FRI NOV 8, 2013, The Grid
What do you say, Chris Abraham?
His epic win was followed by a repair bill.
Chris Abraham’s latest show is called Winners and Losers, and there’s no question that the 38-year-old director belongs in the first category. Last month, Abraham pocketed the much-coveted Siminovitch Prize—Canada’s richest theatre award, which grants the winner $75,000, plus an additional $25,000 to bestow on a protégé. The win topped off a stellar year during which he also nabbed a Dora for his revival of John Mighton’s The Little Years at Tarragon and earned raves for his power-packed production of Othello at the Stratford Festival. But it hasn’t been all roses. “The morning after I won the Siminovitch, my furnace broke,” he says, laughing. “So that took care of a chunk of the prize.” The kudos are likely to continue, however, whenWinners and Losers hits Canadian Stage next week. In the well-received touring show, directed by Abraham, writer-performers Marcus Youssef and James Long engage in a wide-ranging—and heated—debate over what constitutes winning and losing. Was Charlie Sheen a loser or a winner? What about Rob Ford? Abraham says their theatrical duel, which premiered in Vancouver last year, examines the competitiveness that fuels our capitalist society, informs our culture, and marks our friendships. “We look at whether this drive to compete is innate to humans, or whether there are alternatives.”
The audience is his true collaborator.
His success with work as diverse as comic solos (I, Claudia), gripping docu-dramas (Seeds), and Shakespearean tragedy may be partly due to his directing philosophy. No ivory-tower auteur, he tailors his shows to the people in the seats. While Abraham doesn’t compromise his vision—he’ll be doing a gender-bending version of A Midsummer Night’s Dream at Stratford next season—he says he keeps in mind whether a show will be playing to downtown hipsters, say, or classical-theatre mavens. “It’s about what I think I can communicate to the audience.”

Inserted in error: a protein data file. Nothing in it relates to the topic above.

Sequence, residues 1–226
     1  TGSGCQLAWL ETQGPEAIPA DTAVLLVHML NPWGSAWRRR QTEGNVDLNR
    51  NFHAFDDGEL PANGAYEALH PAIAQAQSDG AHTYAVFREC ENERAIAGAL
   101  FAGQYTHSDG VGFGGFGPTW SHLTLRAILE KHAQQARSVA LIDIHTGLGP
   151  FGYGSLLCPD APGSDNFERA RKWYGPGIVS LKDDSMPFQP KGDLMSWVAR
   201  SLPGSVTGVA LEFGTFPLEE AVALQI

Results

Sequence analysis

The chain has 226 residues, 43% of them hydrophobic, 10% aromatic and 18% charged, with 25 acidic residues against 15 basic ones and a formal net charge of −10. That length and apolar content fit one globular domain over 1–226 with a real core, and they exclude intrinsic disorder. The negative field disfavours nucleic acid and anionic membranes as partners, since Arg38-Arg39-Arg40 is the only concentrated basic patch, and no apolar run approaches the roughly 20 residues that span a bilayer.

Go east, young theatre companies.
Abraham, who was born in Montreal and spent his teen years in Markham, is now a proud east ender. He lives in Leslieville with his wife, actress Liisa Repo-Martell, and their two children, Hazel, 7, and 18-month-old Leo. That’s one reason why he chose the east end as the first permanent home for his nomadic company, Crow’s Theatre. Crow’s launched an $8-million fund-raising drive this year to build a venue at the northeast corner of Carlaw and Dundas. Plans include a 200-seat theatre and 100-seat studio to occupy the lower floors of The Carlaw, a 12-storey condo complex now under construction. As Crow’s artistic director, Abraham hopes to fill the space with programming by his own company as well as other homeless troupes. “I’m really looking forward to being a curator and a matchmaker, [and introducing] our neighbourhood to great contemporary theatre artists.”
Money won’t change everything.
Apart from that furnace, Abraham hasn’t earmarked his Siminovitch cheque for anything just yet. Certainly, taking a sabbatical right now is out of the question. “At this point, my life for the next three years is spoken for,” he says. “There’s not really a moment for me to think of hitting the pause button.” As well as planning for the new venue, he’s collaborating on another documentary project with Annabel Soutar, the writer of the play Seeds. Where that work dealt with genetically modified crops, this one focuses on threats to our water supply. They hope to have the show ready to open alongside the Toronto Pan Am Games in 2015. Of course, there’s also his 2014 Stratford production of Dream, with a cast that includes Repo-Martell. Abraham says he finds as much satisfaction grappling with a time-honoured Shakespeare text as he does crafting important contemporary work. “I think I’ve got a great life as a director because I get to do both. And I wouldn’t have it any other way.”
Winners and Losers runs from Nov. 10 to Dec. 8 at the Berkeley Street Theatre, 26 Berkeley St., 416-368-3110, crowstheatre.com.